We present an instantaneous-normal-mode analysis of liquid water at room temperature based on a computer simulated set of liquid configurations and we compare the results to analogous inherent-structure calculations. The separate translational and rotational contributions to each instantaneous normal mode are first obtained by computing the appropriate projectors from the eigenvectors. The extent of localization of the different kinds of modes is then quantified with the aid of the inverse participation ratio - roughly the reciprocal of the number of degrees of freedom involved in each mode. The instantaneous normal modes also carry along with them an implicit picture of how the topography of the potential surface changes as one moves from point to point in the very-high dimensional configuration space of a liquid. To help us understand this topography, we use the instantaneous normal modes to compute the predicted heights and locations of the nearest extrema of the potential. The net result is that in liquid water, at least, it is the low frequency modes that seem to reflect the largest-scale structural transitions. The detailed dynamics of such transitions are probably outside of the instantaneous-normal-mode formalism, but we do find that short-time dynamical quantities, such as the angular velocity autocorrelation functions, are described extraordinarily well by the instantaneous modes.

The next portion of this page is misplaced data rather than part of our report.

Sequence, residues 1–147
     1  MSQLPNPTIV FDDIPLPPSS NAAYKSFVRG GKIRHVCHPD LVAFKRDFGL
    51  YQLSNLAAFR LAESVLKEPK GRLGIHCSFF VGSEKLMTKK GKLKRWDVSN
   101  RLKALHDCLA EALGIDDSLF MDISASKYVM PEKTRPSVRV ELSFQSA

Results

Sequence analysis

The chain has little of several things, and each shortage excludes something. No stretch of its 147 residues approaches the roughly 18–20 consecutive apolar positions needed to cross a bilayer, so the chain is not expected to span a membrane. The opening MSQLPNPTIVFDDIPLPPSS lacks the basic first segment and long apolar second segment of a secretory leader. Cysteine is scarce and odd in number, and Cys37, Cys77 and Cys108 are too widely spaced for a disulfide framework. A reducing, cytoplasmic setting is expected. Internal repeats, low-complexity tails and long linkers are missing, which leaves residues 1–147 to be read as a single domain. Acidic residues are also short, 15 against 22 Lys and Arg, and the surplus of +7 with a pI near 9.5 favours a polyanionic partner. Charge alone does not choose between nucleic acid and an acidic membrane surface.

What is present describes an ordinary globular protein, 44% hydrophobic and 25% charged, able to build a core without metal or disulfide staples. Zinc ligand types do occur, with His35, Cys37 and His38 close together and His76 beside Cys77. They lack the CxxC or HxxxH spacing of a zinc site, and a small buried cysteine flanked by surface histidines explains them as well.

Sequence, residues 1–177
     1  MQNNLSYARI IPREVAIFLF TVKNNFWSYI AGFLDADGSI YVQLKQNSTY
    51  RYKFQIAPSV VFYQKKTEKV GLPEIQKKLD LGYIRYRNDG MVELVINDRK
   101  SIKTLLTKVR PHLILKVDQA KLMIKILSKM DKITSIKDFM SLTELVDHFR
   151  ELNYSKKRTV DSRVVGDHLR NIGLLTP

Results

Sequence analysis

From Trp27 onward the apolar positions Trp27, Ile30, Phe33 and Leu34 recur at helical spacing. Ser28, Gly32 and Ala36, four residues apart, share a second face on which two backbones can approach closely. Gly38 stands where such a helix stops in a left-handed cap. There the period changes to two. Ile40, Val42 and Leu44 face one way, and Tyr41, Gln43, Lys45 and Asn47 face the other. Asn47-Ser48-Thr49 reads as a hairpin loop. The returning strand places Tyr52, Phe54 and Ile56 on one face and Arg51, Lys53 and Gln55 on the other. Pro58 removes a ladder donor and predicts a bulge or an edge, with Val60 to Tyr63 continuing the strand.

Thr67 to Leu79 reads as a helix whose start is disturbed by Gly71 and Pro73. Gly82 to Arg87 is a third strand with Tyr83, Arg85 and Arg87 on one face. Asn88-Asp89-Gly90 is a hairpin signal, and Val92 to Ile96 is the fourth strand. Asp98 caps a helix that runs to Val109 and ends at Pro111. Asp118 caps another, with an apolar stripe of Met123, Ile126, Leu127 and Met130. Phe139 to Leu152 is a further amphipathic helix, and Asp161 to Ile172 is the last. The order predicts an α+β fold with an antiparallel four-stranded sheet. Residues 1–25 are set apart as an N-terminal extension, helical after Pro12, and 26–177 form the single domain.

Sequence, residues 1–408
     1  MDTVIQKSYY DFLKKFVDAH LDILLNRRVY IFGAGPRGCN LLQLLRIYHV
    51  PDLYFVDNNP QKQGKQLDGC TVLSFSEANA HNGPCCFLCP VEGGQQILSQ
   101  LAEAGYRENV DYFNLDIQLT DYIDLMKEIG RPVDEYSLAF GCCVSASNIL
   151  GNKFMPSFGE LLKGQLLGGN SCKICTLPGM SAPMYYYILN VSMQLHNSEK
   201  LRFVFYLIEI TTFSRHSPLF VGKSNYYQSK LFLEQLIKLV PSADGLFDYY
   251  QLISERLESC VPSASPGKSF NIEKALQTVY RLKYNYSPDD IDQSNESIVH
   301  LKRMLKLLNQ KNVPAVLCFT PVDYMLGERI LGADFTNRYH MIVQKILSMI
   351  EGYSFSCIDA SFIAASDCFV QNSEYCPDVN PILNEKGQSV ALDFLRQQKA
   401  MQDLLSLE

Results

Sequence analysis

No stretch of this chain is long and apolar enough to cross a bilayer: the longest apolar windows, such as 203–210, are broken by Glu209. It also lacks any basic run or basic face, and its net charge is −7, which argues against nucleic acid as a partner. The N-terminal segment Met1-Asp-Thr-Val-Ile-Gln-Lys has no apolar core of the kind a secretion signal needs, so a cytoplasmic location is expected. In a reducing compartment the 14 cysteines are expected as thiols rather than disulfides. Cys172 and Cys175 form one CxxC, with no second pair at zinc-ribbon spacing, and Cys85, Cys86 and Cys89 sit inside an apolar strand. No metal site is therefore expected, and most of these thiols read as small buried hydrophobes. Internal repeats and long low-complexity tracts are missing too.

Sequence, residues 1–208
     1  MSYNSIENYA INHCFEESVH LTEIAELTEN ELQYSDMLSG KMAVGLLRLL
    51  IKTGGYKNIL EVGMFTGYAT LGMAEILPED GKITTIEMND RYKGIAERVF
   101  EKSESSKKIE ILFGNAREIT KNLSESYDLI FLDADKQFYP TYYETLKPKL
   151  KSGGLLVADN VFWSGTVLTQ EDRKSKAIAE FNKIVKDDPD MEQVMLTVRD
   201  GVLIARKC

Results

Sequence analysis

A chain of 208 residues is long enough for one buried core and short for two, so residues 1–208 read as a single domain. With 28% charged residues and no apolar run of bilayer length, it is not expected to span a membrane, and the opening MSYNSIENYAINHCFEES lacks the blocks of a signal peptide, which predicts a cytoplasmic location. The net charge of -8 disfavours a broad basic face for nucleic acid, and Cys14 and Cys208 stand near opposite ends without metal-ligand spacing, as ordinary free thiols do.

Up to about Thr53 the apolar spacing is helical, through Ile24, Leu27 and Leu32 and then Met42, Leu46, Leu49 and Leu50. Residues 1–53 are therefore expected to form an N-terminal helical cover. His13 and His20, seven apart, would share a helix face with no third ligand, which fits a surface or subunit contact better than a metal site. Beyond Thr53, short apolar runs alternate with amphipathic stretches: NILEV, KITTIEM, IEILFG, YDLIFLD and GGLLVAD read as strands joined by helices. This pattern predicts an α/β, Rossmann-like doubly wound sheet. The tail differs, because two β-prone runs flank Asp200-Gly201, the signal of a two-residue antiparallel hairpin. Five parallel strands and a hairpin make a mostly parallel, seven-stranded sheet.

|Number of pages||12|
|Journal||The Journal of Chemical Physics|
|Publication status||Published - 1994 Dec 1|
ASJC Scopus subject areas
- Atomic and Molecular Physics, and Optics